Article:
API crude oil inventory data
The API (American Petroleum Institute) released its weekly commercial crude oil inventory report yesterday. The report showed that the crude oil inventory rose by 11.4 MMbbls (million barrels) for the week ending January 22, 2016. This was the highest crude oil inventory build since 1996. The crude oil inventory had risen by 4.6 MMbbls for the week ending January 15, 2016. The API report added that the crude oil inventory at Cushing, Oklahoma, also rose by 0.66 MMbbls for the week ending January 22.
EIA crude oil inventory report
The API crude oil inventory report is followed by the EIA’s (U.S. Energy Information Administration) weekly oil inventory report, which is scheduled for release today. Last week’s report showed that the US commercial crude oil inventory rose by 4 MMbbls to 486.5 MMbbls for the week ending January 15.
Market surveys estimate that the crude oil inventory may have risen by 3.2 MMbbls and that the gasoline inventory may have risen by 1.5 MMbbls for the week ending January 22, 2016. In contrast, the distillate inventory may have fallen by 1.9 MMbbls for the same period. The crude oil inventory may have risen due to the rise in imports or the fall in refinery demand as a result of seasonal maintenance.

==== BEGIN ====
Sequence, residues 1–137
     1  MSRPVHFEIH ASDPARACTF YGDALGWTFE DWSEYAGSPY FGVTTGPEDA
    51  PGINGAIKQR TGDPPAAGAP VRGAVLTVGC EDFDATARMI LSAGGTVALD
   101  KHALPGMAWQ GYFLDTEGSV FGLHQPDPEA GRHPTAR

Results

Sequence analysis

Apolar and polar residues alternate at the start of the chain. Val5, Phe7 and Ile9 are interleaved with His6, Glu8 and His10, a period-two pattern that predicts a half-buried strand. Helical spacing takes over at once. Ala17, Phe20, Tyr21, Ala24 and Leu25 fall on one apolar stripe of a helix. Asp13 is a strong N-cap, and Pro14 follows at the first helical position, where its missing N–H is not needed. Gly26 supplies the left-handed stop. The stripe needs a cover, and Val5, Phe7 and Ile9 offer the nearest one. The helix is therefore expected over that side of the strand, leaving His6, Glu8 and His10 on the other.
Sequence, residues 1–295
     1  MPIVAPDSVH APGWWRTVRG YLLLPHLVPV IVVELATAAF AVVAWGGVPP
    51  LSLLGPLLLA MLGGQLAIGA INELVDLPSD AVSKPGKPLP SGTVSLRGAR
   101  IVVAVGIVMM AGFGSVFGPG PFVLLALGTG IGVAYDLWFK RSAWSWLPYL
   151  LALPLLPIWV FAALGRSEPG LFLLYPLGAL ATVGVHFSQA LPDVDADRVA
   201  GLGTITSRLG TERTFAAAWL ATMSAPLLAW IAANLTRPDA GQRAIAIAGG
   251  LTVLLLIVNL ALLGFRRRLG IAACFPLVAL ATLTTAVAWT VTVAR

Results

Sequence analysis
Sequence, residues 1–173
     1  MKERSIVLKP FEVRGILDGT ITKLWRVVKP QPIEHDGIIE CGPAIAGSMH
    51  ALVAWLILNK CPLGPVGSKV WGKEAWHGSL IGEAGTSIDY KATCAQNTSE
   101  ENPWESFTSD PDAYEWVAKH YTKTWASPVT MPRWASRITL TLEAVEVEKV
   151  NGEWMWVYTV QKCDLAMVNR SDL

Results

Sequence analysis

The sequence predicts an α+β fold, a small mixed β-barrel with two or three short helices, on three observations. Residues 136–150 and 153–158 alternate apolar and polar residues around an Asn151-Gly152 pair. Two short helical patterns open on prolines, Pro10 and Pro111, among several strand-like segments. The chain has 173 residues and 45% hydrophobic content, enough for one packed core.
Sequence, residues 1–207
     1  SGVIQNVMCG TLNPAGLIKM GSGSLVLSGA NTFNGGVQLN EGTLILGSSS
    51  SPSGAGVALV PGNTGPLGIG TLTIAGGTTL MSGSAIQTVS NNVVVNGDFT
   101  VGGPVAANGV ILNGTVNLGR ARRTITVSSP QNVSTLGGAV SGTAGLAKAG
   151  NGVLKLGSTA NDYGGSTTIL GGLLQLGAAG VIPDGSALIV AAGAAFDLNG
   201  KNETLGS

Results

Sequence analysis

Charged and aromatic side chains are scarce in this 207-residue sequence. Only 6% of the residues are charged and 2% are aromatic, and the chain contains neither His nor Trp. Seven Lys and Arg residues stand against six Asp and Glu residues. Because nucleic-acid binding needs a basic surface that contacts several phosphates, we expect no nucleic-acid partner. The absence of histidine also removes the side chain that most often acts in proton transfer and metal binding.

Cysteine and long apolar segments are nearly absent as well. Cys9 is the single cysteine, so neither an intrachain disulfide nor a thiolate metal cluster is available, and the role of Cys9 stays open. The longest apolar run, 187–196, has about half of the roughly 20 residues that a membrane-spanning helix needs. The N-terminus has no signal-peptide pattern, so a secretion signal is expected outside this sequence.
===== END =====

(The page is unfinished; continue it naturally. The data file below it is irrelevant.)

The current US crude oil inventory is 22% more than the level in 2014. It’s also at an 80-year high for this time of year. The rising crude oil and gasoline inventories will continue to put pressure on crude oil prices in the short term. The contango market and rising global inventory benefit oil tankers like Nordic American Tankers (NAT) and DHT Holdings (DHT). Likewise, crude oil prices have risen by 18% from 13-year lows in the last five trading sessions. Higher oil prices benefit oil producers like Chevron (CVX), Hess (HES), Pioneer Natural Resources (PXD), and Noble Energy (NBL). Read the next part of this series to learn how oil prices are influenced by OPEC’s production.
ETFs and ETNs like the United States Oil Fund (USO), the VelocityShares 3x Long Crude Oil ETN (UWTI), and the ProShares UltraShort Bloomberg Crude Oil ETF (SCO) are influenced by the roller-coaster ride in oil prices.